DNSC is basing its effort in this area on own scientific results observational, experimental, and theoretical. The scientific results have been published internationally and indicate that the varying activity of the Sun is indeed the largest and most systematic contributor to natural climate variations. The effect goes through solar modulation of the cosmic radiation, which affects the formation of aerosols and thereby also the formation of clouds. Even though a physical mechanism connecting cosmic rays to aerosol formation has been found experimentally, no climate model has yet made an attempt to include such an effect.
That there exists a significant contribution from solar activity variations to global temperature increase does not, however, exclude other contributions to the rising global temperature, natural as well as human. DNSC, however, is focused on establishing the best possible and scientifically based evaluation of the size of solar induced effects on climate.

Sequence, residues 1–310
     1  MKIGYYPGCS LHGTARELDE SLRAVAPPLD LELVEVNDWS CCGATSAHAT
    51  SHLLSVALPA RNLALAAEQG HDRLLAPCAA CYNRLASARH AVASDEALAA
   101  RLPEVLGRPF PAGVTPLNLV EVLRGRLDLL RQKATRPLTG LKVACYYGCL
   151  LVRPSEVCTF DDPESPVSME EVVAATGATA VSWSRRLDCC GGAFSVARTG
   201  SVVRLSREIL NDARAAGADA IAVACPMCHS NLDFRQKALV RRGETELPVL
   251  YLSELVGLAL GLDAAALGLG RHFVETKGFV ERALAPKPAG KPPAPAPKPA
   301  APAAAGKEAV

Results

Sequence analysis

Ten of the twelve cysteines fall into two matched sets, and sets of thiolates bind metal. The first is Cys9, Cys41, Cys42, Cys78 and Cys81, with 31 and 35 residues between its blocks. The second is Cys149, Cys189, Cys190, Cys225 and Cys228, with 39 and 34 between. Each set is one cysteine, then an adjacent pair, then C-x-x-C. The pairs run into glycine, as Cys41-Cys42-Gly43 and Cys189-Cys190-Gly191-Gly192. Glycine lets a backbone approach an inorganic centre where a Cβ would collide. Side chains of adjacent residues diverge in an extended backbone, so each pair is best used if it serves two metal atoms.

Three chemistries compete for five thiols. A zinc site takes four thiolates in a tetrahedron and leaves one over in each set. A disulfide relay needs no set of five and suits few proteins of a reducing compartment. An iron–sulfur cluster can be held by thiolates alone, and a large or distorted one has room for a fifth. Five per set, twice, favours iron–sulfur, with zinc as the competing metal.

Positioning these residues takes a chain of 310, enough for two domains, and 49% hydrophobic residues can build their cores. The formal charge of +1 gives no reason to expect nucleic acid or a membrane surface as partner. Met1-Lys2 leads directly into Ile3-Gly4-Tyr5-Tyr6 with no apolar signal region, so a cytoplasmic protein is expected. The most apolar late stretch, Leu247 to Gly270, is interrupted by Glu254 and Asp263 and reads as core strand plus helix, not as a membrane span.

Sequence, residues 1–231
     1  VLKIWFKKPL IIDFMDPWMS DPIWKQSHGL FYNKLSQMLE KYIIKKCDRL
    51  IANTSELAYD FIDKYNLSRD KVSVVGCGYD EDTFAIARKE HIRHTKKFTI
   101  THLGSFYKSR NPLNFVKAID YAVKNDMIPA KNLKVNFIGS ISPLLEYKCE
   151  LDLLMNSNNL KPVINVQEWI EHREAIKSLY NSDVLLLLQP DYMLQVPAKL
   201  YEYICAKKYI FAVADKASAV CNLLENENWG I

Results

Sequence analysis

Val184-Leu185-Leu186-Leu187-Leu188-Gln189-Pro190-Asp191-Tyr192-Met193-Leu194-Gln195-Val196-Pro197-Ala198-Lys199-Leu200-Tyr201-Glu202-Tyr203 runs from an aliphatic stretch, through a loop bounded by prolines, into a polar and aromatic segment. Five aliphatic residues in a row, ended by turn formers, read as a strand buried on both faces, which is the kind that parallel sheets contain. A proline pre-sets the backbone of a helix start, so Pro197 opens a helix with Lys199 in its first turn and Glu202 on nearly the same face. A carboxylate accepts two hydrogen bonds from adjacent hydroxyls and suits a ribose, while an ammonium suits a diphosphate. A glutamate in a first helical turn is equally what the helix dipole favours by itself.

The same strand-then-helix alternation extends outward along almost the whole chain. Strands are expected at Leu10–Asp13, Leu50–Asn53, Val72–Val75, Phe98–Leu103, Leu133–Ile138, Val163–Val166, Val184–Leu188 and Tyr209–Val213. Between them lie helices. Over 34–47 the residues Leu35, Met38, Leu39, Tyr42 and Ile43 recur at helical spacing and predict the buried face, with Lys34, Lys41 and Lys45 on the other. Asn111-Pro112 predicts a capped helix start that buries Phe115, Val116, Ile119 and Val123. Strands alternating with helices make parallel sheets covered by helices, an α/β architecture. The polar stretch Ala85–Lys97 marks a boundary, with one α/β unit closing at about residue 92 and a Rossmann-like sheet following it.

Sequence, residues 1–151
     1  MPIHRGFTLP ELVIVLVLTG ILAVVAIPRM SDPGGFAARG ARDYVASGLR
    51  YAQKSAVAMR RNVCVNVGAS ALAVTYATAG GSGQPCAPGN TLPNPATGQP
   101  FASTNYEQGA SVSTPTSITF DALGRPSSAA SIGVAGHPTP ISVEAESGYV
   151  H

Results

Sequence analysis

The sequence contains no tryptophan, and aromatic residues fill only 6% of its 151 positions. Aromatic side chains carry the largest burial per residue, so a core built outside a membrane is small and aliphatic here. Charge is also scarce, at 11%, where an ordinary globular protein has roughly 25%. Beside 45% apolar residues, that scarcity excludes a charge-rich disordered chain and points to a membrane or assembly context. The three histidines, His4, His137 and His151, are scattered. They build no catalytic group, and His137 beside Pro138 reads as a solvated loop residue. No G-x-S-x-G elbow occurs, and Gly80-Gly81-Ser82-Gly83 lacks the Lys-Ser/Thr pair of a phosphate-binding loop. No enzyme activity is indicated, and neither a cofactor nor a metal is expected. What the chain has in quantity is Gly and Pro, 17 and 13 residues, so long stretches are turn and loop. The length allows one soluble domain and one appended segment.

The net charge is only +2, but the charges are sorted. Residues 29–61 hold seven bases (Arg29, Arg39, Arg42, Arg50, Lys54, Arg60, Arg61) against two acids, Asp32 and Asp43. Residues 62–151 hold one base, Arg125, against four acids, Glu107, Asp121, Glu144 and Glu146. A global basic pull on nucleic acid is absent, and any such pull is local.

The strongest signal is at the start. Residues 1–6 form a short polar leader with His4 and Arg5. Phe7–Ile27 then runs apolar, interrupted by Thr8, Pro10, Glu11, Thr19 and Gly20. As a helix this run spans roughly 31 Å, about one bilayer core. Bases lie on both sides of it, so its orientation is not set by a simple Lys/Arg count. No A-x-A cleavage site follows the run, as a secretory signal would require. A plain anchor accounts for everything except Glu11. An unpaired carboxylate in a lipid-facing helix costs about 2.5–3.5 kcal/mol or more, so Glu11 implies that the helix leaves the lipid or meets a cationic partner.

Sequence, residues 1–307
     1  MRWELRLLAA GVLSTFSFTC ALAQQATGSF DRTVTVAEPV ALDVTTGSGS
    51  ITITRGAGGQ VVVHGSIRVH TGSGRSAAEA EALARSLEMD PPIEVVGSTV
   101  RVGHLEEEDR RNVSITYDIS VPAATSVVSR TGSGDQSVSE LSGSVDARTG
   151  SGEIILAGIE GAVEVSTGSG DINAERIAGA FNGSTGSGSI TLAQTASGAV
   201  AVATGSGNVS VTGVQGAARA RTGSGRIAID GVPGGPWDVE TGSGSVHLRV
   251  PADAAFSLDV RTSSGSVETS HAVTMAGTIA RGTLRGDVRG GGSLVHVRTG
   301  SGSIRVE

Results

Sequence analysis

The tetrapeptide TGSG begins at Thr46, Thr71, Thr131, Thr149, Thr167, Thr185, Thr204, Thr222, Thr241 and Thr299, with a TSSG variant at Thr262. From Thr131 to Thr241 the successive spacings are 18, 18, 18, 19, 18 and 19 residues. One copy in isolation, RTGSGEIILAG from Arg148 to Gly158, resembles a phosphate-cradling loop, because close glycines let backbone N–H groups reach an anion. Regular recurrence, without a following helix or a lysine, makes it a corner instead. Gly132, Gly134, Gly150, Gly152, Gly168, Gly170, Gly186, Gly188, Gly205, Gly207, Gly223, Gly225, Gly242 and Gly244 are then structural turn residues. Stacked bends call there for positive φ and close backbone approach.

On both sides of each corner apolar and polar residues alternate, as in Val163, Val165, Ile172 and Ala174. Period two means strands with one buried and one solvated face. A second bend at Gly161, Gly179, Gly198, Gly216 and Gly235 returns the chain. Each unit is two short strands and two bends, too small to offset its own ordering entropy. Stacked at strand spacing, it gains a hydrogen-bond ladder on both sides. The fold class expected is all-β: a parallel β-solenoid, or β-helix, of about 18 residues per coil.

Why is the climate changing?
Climate is subject to influences by both natural and human forces, including greenhouse gases, aerosols, solar activity, and land use change. The climate system is extremely complex and any estimate of the human contribution to climate change is very uncertain.
What are the natural causes to climate change?
Changes in the Sun contribute to climate change. Solar activity has been exceptionally high in the 20th century compared to the last 400 years and possibly compared to the past 8,000 years. When solar activity is high, the flux of galactic cosmic rays is reduced due to increased magnetic shielding by the Sun. The cosmic rays may influence Earths climate through formation of low lying clouds.